Some Ohio State student organizations have collaborated to rock for a good cause.
Rock the Cause, a free benefit concert, is designed to support two fronts: the American Cancer Society and Operation Smile, an international charity dedicated to treating children with cleft lip or cleft palate facial deformities.
“People should go to the concert because it’s a great feeling to see live music and even a better feeling doing something good for a good cause,” said Timothy Zhu, the co-founder and president of the student organization Operation Smile Club and a second-year majoring in economics.
Rock The Cause is set to take place at Newport Music Hall March 25 at 8 p.m. The concert is sponsored in part by RHAC, Relay for Life, Musician’s Collective, Arouse, Dollars 4 Change, Operation Smile Club, Music and Entertainment Student Association, The Black Student Association and The Network.
Indie band Smallpools is set to headline with support by alt-rock openers All My Sons and Captain Kidd.
Amanda Siroskey, member of the Benefit Concert Planning Committee and sponsorship director for Relay for Life, said support for the American Cancer Society cause is important.
“It’s important for students to support it because it affects so many peoples’ families, for sure. Cancer affects many people throughout the U.S. and the world. Cancer research can help anyone in the long run and cancer is such a widespread cause of death,” said Siroskey, a fourth-year in strategic communications.
Siroskey said she is hoping more people will become aware of the causes and donate to them.
“It’s going to be a concert for a cause. We’re hoping that since it’s a free concert, people will use the money that they would have paid for a ticket and use it to donate to the actual causes,” Siroskey said. Students can make cash donations, BuckID donations and credit card donations at the door of the concert. They can also make donations online at Rock The Cause’s website.
Zhu said students should support Operation Smile.
“It’s important to support Operation Smile because every three minutes a child is born with a cleft lip. They are unable to smile and are shunned from society simply because their parents cannot afford the 45 minute surgery. I believe that everyone deserves to smile,” Zhu said.
Zeshawn Qadir, the co-president for Dollars 4 Change and a fifth-year in finance, said there is another purpose for Rock The Cause besides raising funds for charity.
“We’re trying to give (the causes) a significant financial donation and at the same time get students active and involved to help support (the causes) in the future,” Qadir said.
Siroskey said she’s excited for Smallpools to play in the concert.
“I think they’re going to be really good. (Their music) is all really catchy,” Siroskey said.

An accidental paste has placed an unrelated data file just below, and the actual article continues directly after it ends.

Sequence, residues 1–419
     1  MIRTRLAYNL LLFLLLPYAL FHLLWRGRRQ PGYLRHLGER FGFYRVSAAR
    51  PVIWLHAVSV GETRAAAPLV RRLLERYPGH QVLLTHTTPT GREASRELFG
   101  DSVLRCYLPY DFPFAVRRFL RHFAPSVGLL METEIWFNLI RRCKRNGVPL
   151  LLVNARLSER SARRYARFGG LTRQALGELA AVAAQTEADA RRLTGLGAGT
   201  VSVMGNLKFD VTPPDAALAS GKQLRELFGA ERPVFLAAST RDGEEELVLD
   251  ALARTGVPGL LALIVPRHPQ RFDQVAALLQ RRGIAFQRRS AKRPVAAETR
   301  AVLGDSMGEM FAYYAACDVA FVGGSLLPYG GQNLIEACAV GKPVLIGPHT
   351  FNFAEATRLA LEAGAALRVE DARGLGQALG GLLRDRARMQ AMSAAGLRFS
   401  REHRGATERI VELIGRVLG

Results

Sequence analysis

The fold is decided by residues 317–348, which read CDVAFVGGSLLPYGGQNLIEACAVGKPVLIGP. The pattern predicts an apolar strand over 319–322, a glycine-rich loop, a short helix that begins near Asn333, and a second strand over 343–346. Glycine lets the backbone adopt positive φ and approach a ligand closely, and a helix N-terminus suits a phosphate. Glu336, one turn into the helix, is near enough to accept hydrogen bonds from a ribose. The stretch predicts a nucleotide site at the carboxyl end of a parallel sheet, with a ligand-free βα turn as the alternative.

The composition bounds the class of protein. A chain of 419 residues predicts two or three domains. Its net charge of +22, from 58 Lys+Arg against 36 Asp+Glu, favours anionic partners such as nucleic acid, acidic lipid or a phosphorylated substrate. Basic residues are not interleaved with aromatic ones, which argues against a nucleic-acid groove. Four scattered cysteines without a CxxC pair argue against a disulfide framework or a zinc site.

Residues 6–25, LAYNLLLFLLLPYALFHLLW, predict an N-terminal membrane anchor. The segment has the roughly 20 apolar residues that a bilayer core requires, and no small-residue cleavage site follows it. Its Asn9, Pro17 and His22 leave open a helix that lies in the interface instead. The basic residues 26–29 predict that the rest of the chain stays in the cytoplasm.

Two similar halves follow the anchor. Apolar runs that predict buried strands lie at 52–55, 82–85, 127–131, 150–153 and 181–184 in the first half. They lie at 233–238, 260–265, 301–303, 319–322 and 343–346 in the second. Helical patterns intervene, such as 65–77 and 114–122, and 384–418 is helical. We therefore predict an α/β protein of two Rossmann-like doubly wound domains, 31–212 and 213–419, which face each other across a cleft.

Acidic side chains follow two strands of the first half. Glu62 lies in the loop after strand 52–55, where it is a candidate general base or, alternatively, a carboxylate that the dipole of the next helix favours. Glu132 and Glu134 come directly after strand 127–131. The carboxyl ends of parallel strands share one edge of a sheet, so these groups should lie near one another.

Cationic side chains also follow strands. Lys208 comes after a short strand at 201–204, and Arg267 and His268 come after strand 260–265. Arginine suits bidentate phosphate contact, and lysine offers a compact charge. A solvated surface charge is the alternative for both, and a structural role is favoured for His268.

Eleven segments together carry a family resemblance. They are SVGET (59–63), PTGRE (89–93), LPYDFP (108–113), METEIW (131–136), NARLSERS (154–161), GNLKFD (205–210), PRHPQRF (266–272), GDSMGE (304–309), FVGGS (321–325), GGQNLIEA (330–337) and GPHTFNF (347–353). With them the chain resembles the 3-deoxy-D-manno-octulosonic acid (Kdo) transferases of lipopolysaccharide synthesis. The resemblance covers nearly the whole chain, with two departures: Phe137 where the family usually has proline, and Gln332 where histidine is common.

Arthur Broadstock, vice president of Musicians’ Collective, a guitarist for student-driven band All My Sons and a third-year in biochemistry, said the Musicians’ Collective looked into booking Smallpools for the concert.
“We wanted to capture somebody who was a rising artist. We wanted to go with an alternative rock sound. We wanted to catch someone that was really popular with the students,” Broadstock said.
Musicians’ Collective is an organization dedicated to developing a community of student musicians at OSU.
The Musicians’ Collective also did the research in order to find opening acts for Smallpools, Broadstock said.
“When we had to look at the pool of Musicians’ Collective bands, we wanted to draw from the bands that would fit well from Smallpools and the sounds that they were bringing. It was always our intent to bring in a national act. We weren’t sure how the opening acts would work out. But it always made sense to use local artists and more specifically students because it allows us to tie OSU with this event,” Broadstock said.
Siroskey said choosing bands comprised of students was no accident.
“The reason why we wanted to feature student bands is because we want to showcase the talent that we do have at Ohio State. We wanted to have students up there performing and have people in the audience hold deeper connections to those musicians on stage instead of just having random opening acts that they might not know as closely,” Siroskey said.
“It’s a good way to showcase a side of Ohio State culture that a lot of people don’t see. There are a lot of independent musicians creating a lot of good music. But it’s only seen in certain circles. Giving these (student) musicians an opportunity to present their work on stage is exciting,” Broadstock said.
Eric Blaha, a guitarist for indie band Captain Kidd, said he is thrilled he is able perform for the benefit concert.
“It’s always great to be playing for a certain cause such as a benefit concert because there’s a ton of people who are passionate about it,” aid Blaha, a member of the Musicians’ Collective and a third-year in marketing.
There’s nothing better.”
The Lantern uses two-click social media buttons to protect your privacy. Click once to load the button, then again to share!